Web applications consist of web pages that are served by web servers and web containers, for example Tomcat. Web and mobile applications are built upon services that process requests like web requests, web service calls, and messaging. Such "server-side services" can take the form of web services, web containers, database requests, custom services, and more. Services may in turn call other services such as web services, remote services, and databases services.
Processes are essentially containers that host services. When you look at processes, you're seeing topology information. Whereas services give you code-level insight. For example, you might have a Tomcat process that hosts a web application in the form of a server-side service.
While processes are host-centric, associated with a single machine in your environment, services are request-centric and therefore typically span across multiple machines in a data center.
How services fit into the complete picture
When thinking about monitoring your application, it's helpful to remember that Dynatrace monitors all of your application's services, processes, and infrastructure. By evaluating all such components collectively, Dynatrace is able to pinpoint exactly how each service contributes to the performance of your application. For example, in Java monitoring, Dynatrace sees your host, JVM, and processes as a whole. That's how we can easily discover garbage collection issues that affect the services running in a JVM.
Dynatrace automatically detects and names your applications' server-side services based on basic properties of your application deployment and configuration.
Dynatrace monitoring of services extends all the way down to the monitoring of discrete methods. By monitoring the performance of individual methods, we can offer you deeper insight into the performance of the services that drive your application.
Dynatrace monitors all the individual components that applications are built upon: web requests, database requests, processes, services, and more. It's these individual components working together that collectively deliver what your end users view as a complete application. Dynatrace identifies and tracks each of these individual application components at a highly granular level. Dynatrace doesn't simply identify that a service is running on a server in a process but rather identifies all the details of these components. For example, Dynatrace can show you which of your web services is running on your Tomcat application server and how your Tomcat server's performance is affected by its host, or even your VMware vCenter server. In this way, Dynatrace gives you insight into the performance of your unique application stack, including all its components and connections.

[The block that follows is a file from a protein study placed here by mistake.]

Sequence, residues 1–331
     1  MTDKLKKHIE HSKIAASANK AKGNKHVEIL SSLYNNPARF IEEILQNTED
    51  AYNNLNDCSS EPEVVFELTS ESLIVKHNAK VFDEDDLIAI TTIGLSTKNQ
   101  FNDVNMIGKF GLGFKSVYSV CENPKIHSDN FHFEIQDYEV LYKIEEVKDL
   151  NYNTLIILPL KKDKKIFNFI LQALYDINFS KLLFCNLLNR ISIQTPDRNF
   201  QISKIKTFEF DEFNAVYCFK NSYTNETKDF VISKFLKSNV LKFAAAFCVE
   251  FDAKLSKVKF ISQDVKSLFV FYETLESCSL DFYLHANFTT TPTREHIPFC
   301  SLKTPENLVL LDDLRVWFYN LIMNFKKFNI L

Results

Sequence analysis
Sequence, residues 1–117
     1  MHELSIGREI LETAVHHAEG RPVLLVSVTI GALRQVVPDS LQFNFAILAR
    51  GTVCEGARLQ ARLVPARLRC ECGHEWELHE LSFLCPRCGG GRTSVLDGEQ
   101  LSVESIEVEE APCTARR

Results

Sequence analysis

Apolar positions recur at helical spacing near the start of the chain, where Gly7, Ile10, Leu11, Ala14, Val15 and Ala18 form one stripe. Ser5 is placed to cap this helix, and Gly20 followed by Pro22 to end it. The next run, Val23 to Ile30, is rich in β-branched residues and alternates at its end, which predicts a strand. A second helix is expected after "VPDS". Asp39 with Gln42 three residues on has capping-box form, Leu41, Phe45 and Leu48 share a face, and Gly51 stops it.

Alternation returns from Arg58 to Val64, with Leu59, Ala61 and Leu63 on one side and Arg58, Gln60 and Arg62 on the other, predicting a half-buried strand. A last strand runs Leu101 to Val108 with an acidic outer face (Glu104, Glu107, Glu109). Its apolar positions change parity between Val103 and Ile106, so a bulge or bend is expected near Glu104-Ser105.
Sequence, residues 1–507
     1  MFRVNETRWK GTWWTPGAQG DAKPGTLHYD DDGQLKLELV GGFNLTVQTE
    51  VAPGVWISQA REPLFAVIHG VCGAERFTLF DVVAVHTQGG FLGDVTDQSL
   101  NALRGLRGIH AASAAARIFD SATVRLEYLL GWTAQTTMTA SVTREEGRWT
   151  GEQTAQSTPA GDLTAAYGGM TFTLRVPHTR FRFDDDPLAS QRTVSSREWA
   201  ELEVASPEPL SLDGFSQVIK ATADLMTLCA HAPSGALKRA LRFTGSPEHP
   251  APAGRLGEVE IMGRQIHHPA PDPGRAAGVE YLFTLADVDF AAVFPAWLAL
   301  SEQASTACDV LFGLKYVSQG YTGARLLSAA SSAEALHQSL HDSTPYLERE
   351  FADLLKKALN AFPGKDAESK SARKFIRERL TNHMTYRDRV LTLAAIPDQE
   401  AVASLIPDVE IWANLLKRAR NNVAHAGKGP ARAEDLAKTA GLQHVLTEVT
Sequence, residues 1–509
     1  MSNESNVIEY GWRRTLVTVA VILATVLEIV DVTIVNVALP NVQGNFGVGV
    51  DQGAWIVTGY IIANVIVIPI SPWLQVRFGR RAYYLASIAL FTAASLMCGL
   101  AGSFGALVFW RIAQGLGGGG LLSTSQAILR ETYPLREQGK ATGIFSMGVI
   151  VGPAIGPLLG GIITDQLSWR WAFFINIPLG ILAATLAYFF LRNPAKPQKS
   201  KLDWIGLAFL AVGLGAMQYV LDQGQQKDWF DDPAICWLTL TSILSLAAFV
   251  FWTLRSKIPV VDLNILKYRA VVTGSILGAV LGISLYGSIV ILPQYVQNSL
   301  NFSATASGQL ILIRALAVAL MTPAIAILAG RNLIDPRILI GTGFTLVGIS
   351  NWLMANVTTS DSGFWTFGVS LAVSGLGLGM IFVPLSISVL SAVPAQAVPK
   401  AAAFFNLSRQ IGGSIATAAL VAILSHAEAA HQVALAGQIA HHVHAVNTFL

To provide you with a continuous view of service flows Dynatrace uses the following means to track transactions across tiers:
x-dynatraceheader for HTTP requests
dtdTraceTagInfocustom property for Java-based messaging services
- A unique key for message queues (based on message properties)
How your service landscape can be viewed
On your home dashboard, click the Services tile to view all the services in your environment that are monitored by Dynatrace. Dynatrace offers sophisticated means for analysis that enable you to gain insight into your server-side-services.
Dynatrace even enables you to visualize the complexities of your application stack and delivery chain with Smartscape technology. In a Smartscape visualization, you can see which individual web page calls which specific web server, the application server that receives the resulting web requests, and where the resulting web request service calls are sent.
Scope and usage of services
As service landscapes can become quite complex, Dynatrace automatically categorizes services based on their dependencies to other entities like services or applications.
Entry points: These services represent the first touch of a transaction with a monitored server-side service and are the starting points of PurePaths on the server-side. Entry point services usually represent services on top of a monitored web server or public API. Services can have entry point transactions as well as transactions that orginate with other monitored components.
Used by applications: These services are called by web applications, mobile apps, or custom applications (i.e., all applications that are monitored with Real User Monitoring). All Used by applications services are also Entry point services.
External dependencies: These services represent outgoing calls to systems that aren't monitored with the current Dynatrace environment. There are two types of external dependencies:
Calls to public networks: These services represent outgoing calls that are resolved to a public IP address and are therefore usually outside of your company network. A call to a payment provider like
paypal.comis an example of an external dependency.
Calls to unmonitored hosts: These represent calls that resolve to a private (internal) IP address and are usually under the responsibility of your organization. Therefore dedicated monitoring of these dependencies with OneAgent, or via Custom device monitoring, is recommended to gain visibility into these parts of your environment.
Background activity: These services represent requests that are executed within background threads.
Internal only: These services are only called by other monitored services. Therefore these services don't behave as entry points and they don't have any direct relation to applications.
Note: The scope and usage of your services are dynamically detected states. For example, soon as an "Internal only" service receives requests, that service is re-categorized as an "Entry point" service.